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Sitting at the Kids' Table: Aesop and the Second Sophistic

Jacqueline M Arthur-Montagne

High Point University

This paper examines the role of the Second Sophistic in the construction of Aesop as an educational author. The fables of Aesop have long been associated with childhood learning, from Philostratus’ ekphrasis of the paradigmatic pedagogue in the Imagines to the early modern fable anthologies of Jean de La Fontaine and Charles Denis. This perception of animal fables as children’s literature has led many classicists to characterize Aesop as a permanent fixture of classical schooling. Henri Marrou, for example, envisioned the Greek child first coming “into contact with ‘literature’ through his nurse’s tales – animal stories” (Marrou 1982). Rafaella Cribiore likewise interprets Socrates’ interest in fables as “reverting to a stage of his cultural education...that he had failed to develop” (Cribiore 2005). Experts of the Aesopic tradition, however, have observed no evidence for the systematic inclusion of fables in ancient schooling prior to the Roman Empire (Adrados 1999, Zafiropoulos 2001). These incongruous accounts about when and how fables entered the ancient school curriculum leave several questions unanswered about the process by which Aesop became pedagogical.

This paper argues that Greek sophists in the Roman Empire were instrumental in classifying Aesop’s fables as children’s literature. While fables were likely included in school exercises from the Hellenistic period onward, the concept of Aesop as an author exclusively for children was a product of the Second Sophistic. In the course of this paper, I demonstrate how central figures of Imperial Greece construed the fables as preliminary reading for further studies in rhetoric and philosophy, but no rival to or substitute for true paideia. On the one hand, the fables as celebrated by the Platonic dialogues could not be ignored by intellectuals of the principate. But the common sense insights of fables challenged the necessity of elite learning that famous sophists purported to provide. The sophistic response to Aesop was therefore to celebrate the fables within the narrow arena of early childhood education. In this way the luminaries of Imperial Greece affirmed their role as gatekeepers of literary learning.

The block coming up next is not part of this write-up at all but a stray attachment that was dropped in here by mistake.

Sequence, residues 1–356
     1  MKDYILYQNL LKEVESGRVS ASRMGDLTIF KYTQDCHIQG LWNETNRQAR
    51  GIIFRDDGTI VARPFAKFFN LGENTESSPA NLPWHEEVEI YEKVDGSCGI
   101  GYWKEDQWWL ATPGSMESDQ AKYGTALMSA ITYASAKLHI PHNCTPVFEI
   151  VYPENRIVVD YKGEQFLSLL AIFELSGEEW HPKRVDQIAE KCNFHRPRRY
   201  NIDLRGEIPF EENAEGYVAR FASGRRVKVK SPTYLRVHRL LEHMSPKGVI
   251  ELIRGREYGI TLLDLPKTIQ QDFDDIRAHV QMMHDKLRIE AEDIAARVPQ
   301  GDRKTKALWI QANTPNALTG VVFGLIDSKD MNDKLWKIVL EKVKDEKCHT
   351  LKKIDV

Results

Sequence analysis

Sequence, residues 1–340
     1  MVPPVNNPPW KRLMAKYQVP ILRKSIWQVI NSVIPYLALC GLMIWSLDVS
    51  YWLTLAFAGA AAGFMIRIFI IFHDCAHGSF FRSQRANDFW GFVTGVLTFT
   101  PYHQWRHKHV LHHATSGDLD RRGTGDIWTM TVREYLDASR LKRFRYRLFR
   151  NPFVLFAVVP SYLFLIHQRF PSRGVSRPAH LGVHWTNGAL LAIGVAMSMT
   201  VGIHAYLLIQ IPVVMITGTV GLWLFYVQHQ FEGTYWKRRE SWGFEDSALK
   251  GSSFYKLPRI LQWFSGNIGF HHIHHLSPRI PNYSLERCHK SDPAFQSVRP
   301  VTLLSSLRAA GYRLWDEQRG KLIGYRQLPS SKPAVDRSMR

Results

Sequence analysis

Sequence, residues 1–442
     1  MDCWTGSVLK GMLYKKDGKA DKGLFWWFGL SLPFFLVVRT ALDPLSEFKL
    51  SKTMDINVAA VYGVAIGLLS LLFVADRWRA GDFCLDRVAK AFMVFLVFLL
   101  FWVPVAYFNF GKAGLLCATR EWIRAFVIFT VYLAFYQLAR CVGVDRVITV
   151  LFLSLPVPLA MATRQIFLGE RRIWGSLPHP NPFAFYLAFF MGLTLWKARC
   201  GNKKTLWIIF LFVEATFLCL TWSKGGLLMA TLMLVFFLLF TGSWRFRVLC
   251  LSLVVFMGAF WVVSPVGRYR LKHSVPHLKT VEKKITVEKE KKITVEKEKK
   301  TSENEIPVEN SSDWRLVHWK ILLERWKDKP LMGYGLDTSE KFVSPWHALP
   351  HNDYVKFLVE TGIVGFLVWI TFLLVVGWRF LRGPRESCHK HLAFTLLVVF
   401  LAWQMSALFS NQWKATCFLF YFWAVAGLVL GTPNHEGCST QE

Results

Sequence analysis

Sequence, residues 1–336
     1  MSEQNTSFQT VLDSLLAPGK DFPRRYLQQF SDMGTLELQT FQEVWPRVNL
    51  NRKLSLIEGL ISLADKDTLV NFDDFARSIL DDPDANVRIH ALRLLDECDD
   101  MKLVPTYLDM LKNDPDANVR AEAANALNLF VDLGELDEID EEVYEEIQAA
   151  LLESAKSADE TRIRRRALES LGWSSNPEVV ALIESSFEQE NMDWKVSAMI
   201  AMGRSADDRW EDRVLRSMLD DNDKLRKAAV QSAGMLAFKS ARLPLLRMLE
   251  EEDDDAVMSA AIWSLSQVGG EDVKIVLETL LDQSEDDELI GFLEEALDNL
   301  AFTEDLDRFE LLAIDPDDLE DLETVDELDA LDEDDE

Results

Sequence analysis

I present this paper in two parts. The first half revisits ancient evidence for the educational use of Aesop’s fables in the Greek literary tradition. I begin with Aesopic testimonia in Aristophanes and challenge past scholarship that characterizes fables as a part of the school curriculum in Classical Athens (Pertsinidis 2009, Hall 2013). I then turn to discussions of fables in early rhetorical treatises from Aristotle to Cicero and claim that, far from forming a staple of rhetorical education in the Classical and Hellenistic periods (Kurke 2011), pre-Imperial orators deployed fables as crowd-pleasers or popular ploys to regain audience attention. Aesopic fables constituted a “common culture” for elites and non-elites alike, but played no formal role in the literary education of early Greek-speakers.

The main part of the paper analyzes sophistic attitudes towards Aesop in three works of the Second Sophistic: Dio Chrysostom’s Oration 72, Plutarch’s Dinner of the Seven Sages, and Philostratus’ Life of Apollonius. My close readings of the Aesop testimonia in these texts highlight the ambiguity of animal fable’s status within Imperial paideia. While all three sources acknowledge that learning becomes pleasurable through Aesop, they also deprecate the literary and philosophical value of the fable genre. Plutarch, for instance seats Aesop on the “little stool” at the Dinner of the Seven Sages (ἐπὶ δίφρου τινὸς χαμαιζήλου, 150a), while the character Apollonius couches his defense of fables with a “silly” (ἀνόητον) fable that his mother taught when he was “very young” (κομιδῇ νήπιον, 5.14). The sophistic solution to Aesop – who could neither be fully accepted nor eliminated from the circle of paideia – was thus to assign his talents to childhood, and no further. Silly Aesop – fables are for kids.

This paper will appeal to scholars of postclassical Greece, high/low paradigms of ancient literature, and the study of prose narrative in antiquity.

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Second Sophistic

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